Obama interview: ‘Maybe I could have done ... a little better’

President Barack Obama speaks about partisanship and race Feb. 10, 2016, with colleagues from his time in the Illinois Senate. (Brian Nguyen and Chris Walker/Chicago Tribune)


He had just given an hourlong speech calling for comity in politics, and President Obama craved a few moments with a few friends who remember when he was not a polarizing figure but an effectively bipartisan one – his poker buddies from his eight years here in the Illinois Senate.

The three retired state senators, two Democrats and a Republican, were still laughing about Obama’s warmly received address to the Illinois General Assembly when he joined them for an interview Wednesday with the Los Angeles Times about the legislative gridlock in Washington and his role in it.

In a free-wheeling exchange, Obama said he doesn’t think that his race explains the Republican fortress against his agenda, or that having lawmakers over for drinks or to watch football every weekend would have made a difference over the last seven years.


But he also admitted that he was partly to blame for the hyperpartisan environment by failing to reach out more to Republicans.

“There is no doubt that every step of the way, every day that I’m in that office, maybe I could have done that a little better,” he said.

When one of his former mentors suggested Obama’s race has hampered his ability to push his political agenda, the president noted that the issue cut both ways, drawing some voters to his side and keeping others away.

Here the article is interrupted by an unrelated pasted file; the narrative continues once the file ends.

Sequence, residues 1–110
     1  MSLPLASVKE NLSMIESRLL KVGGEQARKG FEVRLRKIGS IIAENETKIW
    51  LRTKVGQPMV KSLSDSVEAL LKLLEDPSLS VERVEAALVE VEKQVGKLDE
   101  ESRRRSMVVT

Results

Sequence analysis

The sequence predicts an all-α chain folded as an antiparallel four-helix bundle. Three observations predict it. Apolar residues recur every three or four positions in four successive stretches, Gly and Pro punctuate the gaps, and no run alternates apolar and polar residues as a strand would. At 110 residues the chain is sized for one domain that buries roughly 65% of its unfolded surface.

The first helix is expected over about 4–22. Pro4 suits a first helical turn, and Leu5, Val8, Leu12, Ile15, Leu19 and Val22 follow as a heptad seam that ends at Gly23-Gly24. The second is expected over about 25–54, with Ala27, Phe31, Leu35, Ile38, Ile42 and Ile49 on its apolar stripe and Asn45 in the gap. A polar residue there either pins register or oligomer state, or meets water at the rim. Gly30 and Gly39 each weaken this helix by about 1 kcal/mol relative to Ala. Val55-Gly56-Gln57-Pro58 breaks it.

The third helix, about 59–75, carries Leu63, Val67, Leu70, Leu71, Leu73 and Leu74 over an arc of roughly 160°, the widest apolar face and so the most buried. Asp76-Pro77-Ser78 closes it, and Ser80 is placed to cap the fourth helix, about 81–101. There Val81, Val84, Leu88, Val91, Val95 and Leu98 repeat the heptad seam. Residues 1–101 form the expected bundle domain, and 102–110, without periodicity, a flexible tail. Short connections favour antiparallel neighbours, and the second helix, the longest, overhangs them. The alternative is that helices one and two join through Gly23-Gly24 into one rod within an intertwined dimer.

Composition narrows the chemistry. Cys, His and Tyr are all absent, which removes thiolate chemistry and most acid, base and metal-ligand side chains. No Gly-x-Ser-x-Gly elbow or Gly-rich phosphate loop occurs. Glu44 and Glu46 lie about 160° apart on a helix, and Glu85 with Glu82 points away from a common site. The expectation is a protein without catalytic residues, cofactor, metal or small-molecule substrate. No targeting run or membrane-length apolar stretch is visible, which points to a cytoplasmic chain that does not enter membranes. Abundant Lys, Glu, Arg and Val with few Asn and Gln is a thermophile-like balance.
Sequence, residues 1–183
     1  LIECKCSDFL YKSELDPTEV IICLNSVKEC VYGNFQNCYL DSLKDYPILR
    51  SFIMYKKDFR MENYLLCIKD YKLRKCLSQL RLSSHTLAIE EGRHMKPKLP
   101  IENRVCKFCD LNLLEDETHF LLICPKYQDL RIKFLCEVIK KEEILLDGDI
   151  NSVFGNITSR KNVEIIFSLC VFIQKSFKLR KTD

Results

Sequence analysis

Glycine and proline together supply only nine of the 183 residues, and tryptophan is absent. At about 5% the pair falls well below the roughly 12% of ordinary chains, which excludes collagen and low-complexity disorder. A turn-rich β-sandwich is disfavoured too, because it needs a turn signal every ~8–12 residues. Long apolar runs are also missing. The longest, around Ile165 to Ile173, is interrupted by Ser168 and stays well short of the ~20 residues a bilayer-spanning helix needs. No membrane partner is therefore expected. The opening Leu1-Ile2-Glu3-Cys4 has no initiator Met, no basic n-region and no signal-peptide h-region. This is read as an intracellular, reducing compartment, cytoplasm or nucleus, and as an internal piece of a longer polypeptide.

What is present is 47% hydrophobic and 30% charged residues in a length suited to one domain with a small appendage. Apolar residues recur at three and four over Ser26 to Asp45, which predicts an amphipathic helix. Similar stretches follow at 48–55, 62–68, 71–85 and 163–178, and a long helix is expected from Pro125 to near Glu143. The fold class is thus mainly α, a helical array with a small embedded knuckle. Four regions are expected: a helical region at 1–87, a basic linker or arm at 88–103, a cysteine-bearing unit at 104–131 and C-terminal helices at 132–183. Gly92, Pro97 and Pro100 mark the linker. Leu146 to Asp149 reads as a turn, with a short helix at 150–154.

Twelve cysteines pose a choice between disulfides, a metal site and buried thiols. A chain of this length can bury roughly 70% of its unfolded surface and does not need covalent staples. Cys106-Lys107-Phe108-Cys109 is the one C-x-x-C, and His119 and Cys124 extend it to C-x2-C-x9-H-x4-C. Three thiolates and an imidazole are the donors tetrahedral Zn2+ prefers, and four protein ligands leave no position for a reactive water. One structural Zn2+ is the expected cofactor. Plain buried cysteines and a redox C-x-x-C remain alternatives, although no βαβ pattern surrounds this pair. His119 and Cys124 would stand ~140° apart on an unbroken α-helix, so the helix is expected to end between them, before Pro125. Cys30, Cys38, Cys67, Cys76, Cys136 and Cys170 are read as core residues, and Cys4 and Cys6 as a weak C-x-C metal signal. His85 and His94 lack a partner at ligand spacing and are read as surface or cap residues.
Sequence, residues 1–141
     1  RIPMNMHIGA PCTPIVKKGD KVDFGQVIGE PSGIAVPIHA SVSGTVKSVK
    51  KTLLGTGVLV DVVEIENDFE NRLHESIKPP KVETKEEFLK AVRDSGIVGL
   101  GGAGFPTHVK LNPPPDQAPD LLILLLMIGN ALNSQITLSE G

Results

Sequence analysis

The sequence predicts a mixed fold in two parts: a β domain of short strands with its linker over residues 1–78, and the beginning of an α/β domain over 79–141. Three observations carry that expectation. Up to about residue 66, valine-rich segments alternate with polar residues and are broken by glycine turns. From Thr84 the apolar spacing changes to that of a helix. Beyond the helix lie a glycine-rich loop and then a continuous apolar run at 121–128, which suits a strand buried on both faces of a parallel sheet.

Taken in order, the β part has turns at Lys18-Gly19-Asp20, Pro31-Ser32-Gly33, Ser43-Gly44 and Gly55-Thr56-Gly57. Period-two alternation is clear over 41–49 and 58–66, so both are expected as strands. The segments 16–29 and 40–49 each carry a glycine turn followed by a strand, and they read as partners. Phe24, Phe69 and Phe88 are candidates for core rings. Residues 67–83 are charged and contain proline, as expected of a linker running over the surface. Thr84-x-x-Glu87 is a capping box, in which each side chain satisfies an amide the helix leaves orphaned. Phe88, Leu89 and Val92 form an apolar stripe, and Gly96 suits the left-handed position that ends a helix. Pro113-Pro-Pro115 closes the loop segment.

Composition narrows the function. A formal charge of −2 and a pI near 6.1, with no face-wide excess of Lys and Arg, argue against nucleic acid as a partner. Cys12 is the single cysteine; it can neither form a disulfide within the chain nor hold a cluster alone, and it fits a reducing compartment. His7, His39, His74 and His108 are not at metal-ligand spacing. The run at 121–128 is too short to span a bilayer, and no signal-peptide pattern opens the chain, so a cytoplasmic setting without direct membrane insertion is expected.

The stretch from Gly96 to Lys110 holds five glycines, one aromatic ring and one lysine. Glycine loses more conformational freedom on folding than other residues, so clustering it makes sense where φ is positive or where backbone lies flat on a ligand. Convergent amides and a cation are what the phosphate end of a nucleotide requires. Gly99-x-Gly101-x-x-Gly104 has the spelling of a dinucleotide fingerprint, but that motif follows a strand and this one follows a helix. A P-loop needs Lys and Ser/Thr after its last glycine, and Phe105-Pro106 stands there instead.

“There’s no doubt there are pockets of the country where some dog whistles blow and there’s underlying racial fears that may be exploited,” he said.

“You’ve got a whole generation of kids growing up where the first president they’ve known is an African American,” he added. “Even if they’re hearing their parents say he’s terrible, it kind of seeps in that it’s not a crazy thing. So that sometime later, if there’s a Hispanic, or a woman or another African American, that won’t seem as exceptional. These things change over time.”

As he enters his last year in office, Obama said he hopes he has created “a tone for the next president” that is less strident than the political rhetoric on the campaign trail.


He said he believes history will treat him, and his legacy, more kindly than it might appear while he’s battling with Congress and a host of foreign crises.

Obama laughed and talked for almost an hour with his old friends, reminiscing about the days when he was hazed as a freshman senator who would joke that his name was Irish if it would help get votes.

Larry Walsh, hair shock-white against his Ash Wednesday ashes, greeted Obama with a big bear hug and a loud “Barack!”

Kirk Dillard, the Republican who might have been governor if not for the flattering things he said about Obama in 2008, shook his hand heartily.

Denny Jacobs, the rural Democrat who proudly mourns the days of “the backroom deal,” pulled up a wooden chair closest to the president and got right down to business.

“Listen,” he said. “We’ve got to figure out a way to get back what we had, people trying to get things done together.”


The three were well ensconced when Obama showed up in Springfield in 1997 and they welcomed him into their group – losing money to him in a weekly card game and then earning it back at Panther Creek golf course.

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Dillard was more of a supper buddy, not part of the card group, but the moderate suburban Republican quickly gravitated to the Harvard-educated lawyer who could draft legislative language with just a pen and yellow legal pad.